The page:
Good-quality EVF and touchscreen
Videos are crisp and easily corrected
The Cons
Slow video AF in low light
Clunky body

2. Best Value – Canon EOS M6

Canon EOS M6View on BH

Editor’s Rating: 4.6/5

Do you often make videos outdoors and capture subjects while moving? If so, you need a camera with quick and reliable autofocus. Canon’s EOS M6 has some of the best subject tracking thanks to Dual Pixel CMOS AF. It delivers videos of excellent quality, albeit at 1080p. Still, it’s a wonderful choice for content creators, especially vloggers. We wouldn’t normally recommend this camera due to its price, but B&H Photo has recently discounted it to less than $500. Now that’s a true bargain!

Overview of Features

Even though it’s another mirrorless model, the M6 has a different design than the G7. It’s less angular and easier to hold in hand thanks to a protruding rubberized grip. You’ll love this camera if you’re used to controlling settings like EV comp manually since it has five dials. Combining them with the M6’s responsive touchscreen makes for a fluid and pleasant user experience. Moreover, there’s a My Menu you can populate with frequently-used settings to speed workflow up.

We love the reliability and speed of the M6’s autofocus. It has no trouble identifying and sticking to moving subjects thanks to the DIGIC 7 processor and Canon’s patented dual-pixel technology. It’s as responsive for photos as it is for videos. The latter also takes advantage of the touchscreen, letting you shift focus from one point to another by merely tapping each.

The M6’s videos are limited to 1080p at 60fps. While it isn’t as futureproof as our winner, the M6 delivers top-notch video quality with colors that spring from the screen and white balance that’s always on point. Image stabilization is no less important, and the M6 has 5-axis IS for video. That, along with the internal stabilization of compatible lenses, makes for stable footage when using the M6 without a tripod.

This is one of the best-connected cameras on review. It has Wi-Fi for seamless content transfer along with NFC and Bluetooth. Turning on the latter is useful since it lets you control the camera from your phone and turn it into a second touchscreen.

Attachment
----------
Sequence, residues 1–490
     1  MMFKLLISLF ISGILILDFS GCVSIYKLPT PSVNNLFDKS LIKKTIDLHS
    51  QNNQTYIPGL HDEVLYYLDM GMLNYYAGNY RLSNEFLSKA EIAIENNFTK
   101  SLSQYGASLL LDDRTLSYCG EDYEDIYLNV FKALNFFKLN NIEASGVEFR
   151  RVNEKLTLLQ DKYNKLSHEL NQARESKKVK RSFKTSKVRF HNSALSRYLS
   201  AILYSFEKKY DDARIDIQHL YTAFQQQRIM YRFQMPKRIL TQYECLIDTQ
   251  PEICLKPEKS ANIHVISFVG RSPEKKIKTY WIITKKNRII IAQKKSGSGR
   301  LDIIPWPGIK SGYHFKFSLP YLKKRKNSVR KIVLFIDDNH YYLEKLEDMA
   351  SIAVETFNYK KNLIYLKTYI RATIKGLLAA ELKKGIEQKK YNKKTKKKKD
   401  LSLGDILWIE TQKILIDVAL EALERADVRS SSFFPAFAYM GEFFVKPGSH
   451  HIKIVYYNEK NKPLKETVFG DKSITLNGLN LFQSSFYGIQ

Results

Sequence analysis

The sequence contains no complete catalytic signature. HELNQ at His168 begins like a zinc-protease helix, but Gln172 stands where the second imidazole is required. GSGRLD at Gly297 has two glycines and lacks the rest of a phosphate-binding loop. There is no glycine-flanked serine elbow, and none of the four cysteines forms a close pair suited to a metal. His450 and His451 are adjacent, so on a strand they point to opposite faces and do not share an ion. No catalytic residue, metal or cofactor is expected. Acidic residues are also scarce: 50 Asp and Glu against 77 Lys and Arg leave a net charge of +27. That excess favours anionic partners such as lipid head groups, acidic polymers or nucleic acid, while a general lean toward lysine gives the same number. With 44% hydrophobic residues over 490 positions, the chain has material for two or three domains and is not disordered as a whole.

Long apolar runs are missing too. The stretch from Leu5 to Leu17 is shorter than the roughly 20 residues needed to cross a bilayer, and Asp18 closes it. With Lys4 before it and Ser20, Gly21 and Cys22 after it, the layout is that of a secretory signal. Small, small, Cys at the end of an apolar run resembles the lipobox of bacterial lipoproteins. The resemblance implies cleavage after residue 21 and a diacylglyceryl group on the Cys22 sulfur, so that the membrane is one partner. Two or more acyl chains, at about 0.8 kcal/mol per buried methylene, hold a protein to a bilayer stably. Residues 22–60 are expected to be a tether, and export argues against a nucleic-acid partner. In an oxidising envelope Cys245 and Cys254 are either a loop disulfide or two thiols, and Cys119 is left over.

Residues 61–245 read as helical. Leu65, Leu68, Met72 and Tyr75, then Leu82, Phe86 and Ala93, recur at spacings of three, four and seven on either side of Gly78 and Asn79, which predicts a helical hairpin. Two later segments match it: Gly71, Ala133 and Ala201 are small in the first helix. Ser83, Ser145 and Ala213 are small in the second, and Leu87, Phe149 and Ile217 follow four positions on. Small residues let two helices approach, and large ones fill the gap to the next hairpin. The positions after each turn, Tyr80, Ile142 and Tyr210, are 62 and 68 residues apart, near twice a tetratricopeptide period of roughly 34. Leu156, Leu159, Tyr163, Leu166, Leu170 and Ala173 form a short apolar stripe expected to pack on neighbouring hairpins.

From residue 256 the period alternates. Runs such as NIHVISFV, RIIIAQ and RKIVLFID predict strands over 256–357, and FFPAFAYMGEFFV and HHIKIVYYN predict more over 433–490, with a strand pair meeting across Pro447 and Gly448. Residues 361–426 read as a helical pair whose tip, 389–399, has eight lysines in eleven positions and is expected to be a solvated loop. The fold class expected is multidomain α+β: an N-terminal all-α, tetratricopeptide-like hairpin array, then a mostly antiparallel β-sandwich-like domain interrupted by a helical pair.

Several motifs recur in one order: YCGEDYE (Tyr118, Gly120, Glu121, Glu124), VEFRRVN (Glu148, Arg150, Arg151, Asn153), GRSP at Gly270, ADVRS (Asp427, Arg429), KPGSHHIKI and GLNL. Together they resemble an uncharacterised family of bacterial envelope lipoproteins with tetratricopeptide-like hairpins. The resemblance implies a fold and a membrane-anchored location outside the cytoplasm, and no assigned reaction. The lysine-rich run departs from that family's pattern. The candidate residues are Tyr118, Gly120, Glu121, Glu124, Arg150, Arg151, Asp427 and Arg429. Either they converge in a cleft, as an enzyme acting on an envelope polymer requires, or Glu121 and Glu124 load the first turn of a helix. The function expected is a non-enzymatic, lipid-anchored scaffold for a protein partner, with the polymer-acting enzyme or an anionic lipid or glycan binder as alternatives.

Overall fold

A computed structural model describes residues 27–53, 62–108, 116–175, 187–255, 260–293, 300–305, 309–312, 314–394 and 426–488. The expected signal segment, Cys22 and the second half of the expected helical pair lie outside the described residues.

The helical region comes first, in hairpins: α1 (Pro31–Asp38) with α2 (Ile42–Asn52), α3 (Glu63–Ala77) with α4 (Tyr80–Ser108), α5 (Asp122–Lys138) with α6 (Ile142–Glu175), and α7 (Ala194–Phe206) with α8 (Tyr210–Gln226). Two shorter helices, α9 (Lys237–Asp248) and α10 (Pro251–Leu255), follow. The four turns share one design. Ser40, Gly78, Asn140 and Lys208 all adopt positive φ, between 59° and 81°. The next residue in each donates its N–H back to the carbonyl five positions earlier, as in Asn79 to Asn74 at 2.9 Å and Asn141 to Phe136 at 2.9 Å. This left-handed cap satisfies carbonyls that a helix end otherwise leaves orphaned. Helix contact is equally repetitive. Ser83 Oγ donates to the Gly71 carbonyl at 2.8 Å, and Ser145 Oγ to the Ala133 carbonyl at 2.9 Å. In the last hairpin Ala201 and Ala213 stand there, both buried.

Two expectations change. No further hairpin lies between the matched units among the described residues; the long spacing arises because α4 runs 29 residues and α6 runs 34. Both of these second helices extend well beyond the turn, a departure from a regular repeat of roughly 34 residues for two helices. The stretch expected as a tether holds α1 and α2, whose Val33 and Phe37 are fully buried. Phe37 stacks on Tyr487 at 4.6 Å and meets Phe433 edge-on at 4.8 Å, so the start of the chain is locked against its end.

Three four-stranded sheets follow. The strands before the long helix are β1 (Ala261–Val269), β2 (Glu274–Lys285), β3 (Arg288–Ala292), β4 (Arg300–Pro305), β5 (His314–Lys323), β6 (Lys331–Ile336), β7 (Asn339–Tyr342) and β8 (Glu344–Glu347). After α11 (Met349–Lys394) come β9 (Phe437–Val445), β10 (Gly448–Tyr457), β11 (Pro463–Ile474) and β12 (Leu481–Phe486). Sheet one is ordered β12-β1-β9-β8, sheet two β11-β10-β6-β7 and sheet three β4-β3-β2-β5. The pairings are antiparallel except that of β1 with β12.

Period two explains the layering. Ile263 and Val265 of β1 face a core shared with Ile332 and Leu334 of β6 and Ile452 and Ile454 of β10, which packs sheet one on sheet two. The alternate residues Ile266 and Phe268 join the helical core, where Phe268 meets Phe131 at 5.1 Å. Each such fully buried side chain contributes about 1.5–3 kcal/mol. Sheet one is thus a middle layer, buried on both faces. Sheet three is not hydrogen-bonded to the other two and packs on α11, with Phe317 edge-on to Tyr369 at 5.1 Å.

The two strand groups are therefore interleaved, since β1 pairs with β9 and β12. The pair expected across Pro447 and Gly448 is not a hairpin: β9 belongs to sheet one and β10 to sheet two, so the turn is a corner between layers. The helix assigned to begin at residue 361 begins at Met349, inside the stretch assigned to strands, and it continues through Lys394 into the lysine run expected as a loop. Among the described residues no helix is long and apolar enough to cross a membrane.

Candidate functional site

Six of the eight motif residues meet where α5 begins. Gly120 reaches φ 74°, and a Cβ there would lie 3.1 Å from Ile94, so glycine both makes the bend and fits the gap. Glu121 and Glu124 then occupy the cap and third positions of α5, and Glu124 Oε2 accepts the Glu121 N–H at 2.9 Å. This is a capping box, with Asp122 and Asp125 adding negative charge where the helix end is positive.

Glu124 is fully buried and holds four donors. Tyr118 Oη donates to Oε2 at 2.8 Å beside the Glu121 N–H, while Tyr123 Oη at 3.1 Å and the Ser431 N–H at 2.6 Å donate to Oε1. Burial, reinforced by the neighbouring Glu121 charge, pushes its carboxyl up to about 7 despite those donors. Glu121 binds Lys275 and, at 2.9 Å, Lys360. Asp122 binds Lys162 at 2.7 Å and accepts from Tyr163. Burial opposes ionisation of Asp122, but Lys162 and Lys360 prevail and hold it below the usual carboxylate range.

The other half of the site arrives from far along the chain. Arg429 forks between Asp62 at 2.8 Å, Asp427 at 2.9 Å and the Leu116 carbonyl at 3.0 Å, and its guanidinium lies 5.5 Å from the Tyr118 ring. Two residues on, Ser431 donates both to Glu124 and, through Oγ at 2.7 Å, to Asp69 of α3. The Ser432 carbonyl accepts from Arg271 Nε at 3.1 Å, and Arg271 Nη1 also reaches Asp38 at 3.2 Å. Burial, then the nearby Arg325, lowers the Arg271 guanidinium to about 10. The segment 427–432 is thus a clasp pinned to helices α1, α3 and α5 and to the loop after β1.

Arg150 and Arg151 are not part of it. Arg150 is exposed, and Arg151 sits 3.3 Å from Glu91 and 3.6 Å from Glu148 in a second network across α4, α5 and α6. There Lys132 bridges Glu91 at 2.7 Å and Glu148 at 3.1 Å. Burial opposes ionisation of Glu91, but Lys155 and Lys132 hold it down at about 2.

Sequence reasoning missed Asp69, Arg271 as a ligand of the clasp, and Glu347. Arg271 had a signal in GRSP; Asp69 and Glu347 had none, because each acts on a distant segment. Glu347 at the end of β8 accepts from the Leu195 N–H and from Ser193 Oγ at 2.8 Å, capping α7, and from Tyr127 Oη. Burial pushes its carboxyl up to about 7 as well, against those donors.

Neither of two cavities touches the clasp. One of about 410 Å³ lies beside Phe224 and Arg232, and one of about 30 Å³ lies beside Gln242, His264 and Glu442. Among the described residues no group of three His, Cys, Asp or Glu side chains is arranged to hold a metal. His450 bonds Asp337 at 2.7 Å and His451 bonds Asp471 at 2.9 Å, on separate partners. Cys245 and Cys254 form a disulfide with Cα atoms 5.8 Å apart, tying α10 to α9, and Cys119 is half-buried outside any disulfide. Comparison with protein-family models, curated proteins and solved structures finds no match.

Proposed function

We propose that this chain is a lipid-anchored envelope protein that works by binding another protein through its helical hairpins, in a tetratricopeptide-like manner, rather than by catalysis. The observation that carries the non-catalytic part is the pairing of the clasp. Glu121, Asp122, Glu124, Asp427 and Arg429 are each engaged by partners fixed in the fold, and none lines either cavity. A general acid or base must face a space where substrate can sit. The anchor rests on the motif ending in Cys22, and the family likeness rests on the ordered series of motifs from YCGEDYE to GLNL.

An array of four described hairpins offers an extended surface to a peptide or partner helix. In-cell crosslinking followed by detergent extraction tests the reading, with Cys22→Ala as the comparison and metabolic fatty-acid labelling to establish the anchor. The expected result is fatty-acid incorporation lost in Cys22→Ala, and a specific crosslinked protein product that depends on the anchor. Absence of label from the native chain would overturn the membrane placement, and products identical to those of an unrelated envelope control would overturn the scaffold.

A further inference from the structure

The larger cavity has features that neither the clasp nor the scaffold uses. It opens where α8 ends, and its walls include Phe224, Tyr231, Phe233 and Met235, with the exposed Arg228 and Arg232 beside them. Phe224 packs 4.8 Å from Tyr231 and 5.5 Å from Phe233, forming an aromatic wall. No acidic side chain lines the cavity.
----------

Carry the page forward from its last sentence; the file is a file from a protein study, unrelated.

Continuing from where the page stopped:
What’s Bad About It?

The M6 doesn’t have a viewfinder. You can make do with the touchscreen, but its usability in glaring sunlight is limited. The touchscreen flips back 180 degrees, but the camera’s body obstructs a small portion. While not a huge issue, it does make on-the-fly adjustments more difficult.

View on BH

Tech Specs
Dimensions: 4.4 x 2.7 x 1.8 in.
Weight: 24.2 oz.
Type: Mirrorless
Sensor: APS-C
ISO range: 100 – 25,600
Max still resolution: 24.2 MP
Max video resolution: 1080p, 60fps
The Pros
Amazing value at its current price
Responsive autofocus
Combination of dials and touch commands makes for an optimum workflow
Multiple wireless connection options
The Cons
Lacks a viewfinder
Small part of touchscreen is blocked when tilted

3. PANASONIC LUMIX ZS80

PANASONIC LUMIX ZS80View on Amazon

Editor’s Rating: 4.5/5

Travel vloggers rely on compact cameras to record their journeys without taking up much baggage space. If that camera has 30x zoom and a flip-out screen to boot, you know you’ve got a winner. The Lumix ZS80 from Panasonic is everything an on-the-go content creator could hope for in an affordable model. It has excellent build quality, image stabilization, and 4K video recording.

Overview of Features

The first thing you’ll notice about the ZS80 is its premium build. You can clearly tell it apart from a slew of low-quality compacts by the mostly metal body and an emphasis on ergonomics. Even though it isn’t deep, the grip provides ample purchase for two fingers. Combined with the thumb rest in the back, it makes sure you’ll hold the camera firmly in any situation.

Owners of the ZS70 will notice minimal physical differences but will also appreciate changes made to the EVF. It’s a pop-out model and has a resolution of 2.3 million dots. Expect crisp detail and effortless framing regardless of the weather. The touchscreen remains unchanged. It is 3 inches in diameter, flips all the way back for selfies & vlogging, and can be used to access settings or previous footage.

The ZS80 can zoom in by a factor of 30x and remain steady thanks to internal image stabilization. Depth from defocus makes an appearance on this model as well, ensuring sharp images and videos alike. Speaking of which, the ZS80 shoots video at 4K, 30fps. Its dynamic range is decent, but the camera leans towards overexposure that leads to less detail in highlights. Applying a stop of EV compensation is an easy fix for this, though.